Philosophy Hurts Your Head

The blog of a cranky Philosophy PhD Student from Newcastle, Australia.

Is Australian Internet Censorship a Barrier to Trade?

Posted by Sam D on November 5, 2008

The answer is: Potentially, yes.
But with whom?
First up there is the European Union.
The European Parliament resolution of 19 February 2008 on the EU’s Strategy to deliver market access for European companies (2007/2185(INI)) specifically adresses this very issue, with the European Parliament calling on the Commission (to the European Parliament) :

“to specifically deal with all restrictions on the provision of Internet and information society services imported by European companies in third countries as part of its external trade policy and to regard all unnecessary limitations on the provision of those services as constituting trade barriers.”

It remains to be seen how much European content would be blocked before it is deemed an “unnecessary limitation”, but I think the potential is there.  On top of there is the objective outlined by the Commission to:

“keep the Internet as an open and censorship-free zone where all the world’s citizens can communicate freely with each other without needing to seek the permission of anyone else, including their governments, in line with internationally recognised fundamental rights.”

Full text here

This was in in an answer to questions regarding the European Parliament commitment to protect ‘cyber dissidents‘. INterestingly enough, the legislation that sets the background for the public hearign leading to the question being asked in the firstplace was this:European Parliament resolution on freedom of expression on the Internet . This resolution says a lot of differnt things, but I particularly like:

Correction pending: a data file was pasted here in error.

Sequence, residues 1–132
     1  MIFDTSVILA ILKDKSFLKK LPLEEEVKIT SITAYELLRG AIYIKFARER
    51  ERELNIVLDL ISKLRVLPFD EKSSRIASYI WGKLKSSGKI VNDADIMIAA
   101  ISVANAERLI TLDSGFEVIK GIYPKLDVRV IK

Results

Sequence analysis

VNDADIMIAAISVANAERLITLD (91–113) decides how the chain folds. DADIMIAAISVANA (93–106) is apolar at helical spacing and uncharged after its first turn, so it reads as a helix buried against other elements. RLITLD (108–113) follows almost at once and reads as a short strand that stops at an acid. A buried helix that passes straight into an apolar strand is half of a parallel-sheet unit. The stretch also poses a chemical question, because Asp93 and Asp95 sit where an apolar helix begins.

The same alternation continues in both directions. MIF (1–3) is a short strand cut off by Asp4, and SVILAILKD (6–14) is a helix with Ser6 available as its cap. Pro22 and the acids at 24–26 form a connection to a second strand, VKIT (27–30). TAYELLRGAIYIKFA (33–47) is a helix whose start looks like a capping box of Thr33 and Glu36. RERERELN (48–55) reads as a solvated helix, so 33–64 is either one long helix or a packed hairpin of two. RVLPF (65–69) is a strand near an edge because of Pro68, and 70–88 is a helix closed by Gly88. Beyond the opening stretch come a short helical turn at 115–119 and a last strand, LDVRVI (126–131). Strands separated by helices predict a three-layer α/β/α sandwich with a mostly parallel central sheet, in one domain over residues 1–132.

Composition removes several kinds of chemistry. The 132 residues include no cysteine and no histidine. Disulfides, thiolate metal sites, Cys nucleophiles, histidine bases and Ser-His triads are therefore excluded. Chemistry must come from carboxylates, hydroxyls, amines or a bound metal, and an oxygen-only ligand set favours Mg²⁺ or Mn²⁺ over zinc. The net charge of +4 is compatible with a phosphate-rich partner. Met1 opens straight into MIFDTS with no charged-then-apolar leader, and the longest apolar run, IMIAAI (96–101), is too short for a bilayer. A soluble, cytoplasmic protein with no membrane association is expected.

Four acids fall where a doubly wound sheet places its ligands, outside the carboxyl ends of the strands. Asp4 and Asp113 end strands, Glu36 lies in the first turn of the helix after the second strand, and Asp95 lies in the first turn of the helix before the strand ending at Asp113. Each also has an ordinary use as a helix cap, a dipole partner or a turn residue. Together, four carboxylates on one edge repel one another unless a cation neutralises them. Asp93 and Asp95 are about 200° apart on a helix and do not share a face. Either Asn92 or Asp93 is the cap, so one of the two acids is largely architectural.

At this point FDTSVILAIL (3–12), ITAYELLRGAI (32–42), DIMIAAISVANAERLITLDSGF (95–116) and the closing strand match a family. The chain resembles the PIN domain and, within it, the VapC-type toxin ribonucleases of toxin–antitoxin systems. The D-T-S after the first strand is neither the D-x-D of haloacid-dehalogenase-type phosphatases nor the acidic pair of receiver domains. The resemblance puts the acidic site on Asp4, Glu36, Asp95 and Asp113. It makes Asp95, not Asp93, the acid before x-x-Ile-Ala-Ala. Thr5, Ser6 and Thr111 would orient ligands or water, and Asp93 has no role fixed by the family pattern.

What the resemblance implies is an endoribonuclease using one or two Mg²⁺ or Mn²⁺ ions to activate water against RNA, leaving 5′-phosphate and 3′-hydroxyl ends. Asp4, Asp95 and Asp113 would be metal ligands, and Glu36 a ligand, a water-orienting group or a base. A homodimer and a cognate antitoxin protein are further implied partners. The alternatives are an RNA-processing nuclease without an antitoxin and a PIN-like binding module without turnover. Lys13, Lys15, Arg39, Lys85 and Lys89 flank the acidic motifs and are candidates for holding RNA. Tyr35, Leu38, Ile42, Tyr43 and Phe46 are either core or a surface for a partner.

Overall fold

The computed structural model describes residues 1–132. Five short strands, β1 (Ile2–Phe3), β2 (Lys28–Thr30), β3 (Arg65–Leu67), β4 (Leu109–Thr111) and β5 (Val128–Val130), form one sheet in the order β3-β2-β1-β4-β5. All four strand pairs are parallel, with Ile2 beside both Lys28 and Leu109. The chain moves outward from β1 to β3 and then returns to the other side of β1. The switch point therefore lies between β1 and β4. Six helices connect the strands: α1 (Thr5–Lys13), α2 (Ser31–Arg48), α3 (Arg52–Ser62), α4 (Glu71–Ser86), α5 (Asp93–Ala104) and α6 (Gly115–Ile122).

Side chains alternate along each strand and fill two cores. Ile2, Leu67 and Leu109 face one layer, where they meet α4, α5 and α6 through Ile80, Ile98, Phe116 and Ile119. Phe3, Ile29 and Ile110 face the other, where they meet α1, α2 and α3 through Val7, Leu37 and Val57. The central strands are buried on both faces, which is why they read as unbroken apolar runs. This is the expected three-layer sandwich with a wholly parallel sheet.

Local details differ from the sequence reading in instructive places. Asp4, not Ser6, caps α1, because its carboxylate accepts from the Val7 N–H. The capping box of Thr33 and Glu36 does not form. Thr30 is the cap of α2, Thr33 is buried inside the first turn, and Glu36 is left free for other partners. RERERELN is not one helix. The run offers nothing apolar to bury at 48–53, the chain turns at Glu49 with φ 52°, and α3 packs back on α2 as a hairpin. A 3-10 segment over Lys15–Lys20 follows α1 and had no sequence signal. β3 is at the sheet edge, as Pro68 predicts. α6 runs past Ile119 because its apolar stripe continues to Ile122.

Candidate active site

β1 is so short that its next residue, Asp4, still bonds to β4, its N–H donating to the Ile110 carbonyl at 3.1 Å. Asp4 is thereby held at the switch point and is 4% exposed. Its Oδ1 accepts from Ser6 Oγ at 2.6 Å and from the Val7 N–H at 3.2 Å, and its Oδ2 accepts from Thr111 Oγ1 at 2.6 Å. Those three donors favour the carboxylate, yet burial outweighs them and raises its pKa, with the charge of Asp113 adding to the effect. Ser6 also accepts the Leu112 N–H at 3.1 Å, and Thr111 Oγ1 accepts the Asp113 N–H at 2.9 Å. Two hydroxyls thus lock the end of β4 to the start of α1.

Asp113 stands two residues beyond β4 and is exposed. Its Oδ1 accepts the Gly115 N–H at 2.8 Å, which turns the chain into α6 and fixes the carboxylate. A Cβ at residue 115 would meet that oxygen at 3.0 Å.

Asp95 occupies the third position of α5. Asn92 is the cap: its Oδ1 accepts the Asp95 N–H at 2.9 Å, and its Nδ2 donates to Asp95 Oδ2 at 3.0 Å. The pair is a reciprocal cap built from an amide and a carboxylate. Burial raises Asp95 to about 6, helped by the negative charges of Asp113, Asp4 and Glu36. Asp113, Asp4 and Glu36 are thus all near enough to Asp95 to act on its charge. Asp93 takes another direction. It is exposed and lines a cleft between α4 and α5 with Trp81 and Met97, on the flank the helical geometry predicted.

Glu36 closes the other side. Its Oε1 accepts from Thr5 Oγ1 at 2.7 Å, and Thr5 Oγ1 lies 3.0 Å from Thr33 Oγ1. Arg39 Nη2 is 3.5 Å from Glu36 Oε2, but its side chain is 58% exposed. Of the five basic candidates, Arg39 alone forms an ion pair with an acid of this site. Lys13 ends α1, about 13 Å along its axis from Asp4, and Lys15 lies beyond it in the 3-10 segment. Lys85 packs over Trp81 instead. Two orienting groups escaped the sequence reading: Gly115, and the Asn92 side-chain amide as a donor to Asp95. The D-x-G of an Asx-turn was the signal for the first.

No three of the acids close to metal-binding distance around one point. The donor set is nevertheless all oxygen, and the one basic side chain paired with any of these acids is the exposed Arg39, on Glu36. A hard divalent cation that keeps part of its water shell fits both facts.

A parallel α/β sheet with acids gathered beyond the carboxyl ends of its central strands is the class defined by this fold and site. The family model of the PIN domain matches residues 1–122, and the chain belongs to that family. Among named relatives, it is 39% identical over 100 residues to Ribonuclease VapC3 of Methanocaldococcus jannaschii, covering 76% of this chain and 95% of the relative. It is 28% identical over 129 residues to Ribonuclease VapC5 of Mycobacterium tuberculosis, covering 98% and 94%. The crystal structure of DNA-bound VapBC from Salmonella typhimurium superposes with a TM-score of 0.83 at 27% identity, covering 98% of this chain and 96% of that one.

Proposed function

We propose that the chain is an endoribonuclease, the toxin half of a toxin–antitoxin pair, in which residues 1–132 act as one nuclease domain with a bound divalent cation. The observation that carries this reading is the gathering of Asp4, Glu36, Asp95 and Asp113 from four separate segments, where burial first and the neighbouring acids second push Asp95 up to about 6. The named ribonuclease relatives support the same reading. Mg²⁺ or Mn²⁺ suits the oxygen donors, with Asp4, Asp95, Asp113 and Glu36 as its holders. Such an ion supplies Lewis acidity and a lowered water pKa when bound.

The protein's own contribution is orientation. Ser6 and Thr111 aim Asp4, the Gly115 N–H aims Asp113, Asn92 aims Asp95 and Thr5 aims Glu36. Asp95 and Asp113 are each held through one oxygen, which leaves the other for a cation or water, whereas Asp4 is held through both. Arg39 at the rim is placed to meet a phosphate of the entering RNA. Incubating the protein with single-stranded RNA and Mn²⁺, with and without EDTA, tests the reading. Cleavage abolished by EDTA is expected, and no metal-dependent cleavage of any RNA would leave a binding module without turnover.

“5.  Calls on the Commission and the Council to draw up a voluntary code of conduct that would put limits on the activities of companies in repressive countries;”

I know it’s voluntary, but wouldn’t it be a pity if European companies had even more limits on what business they could conduct here. In time this may apply to any European companies that contribute to the censorship effort. 

I’m still working on deciphering the Australia-US free trade agreement, to see if it contains anything relevant. I susupect there won’t be, but time will tell. 

There seem to be more arguments against the censorship of the internet everyday. I can only hope that Senator Conroy listens to reason and finds a way out of this mess.


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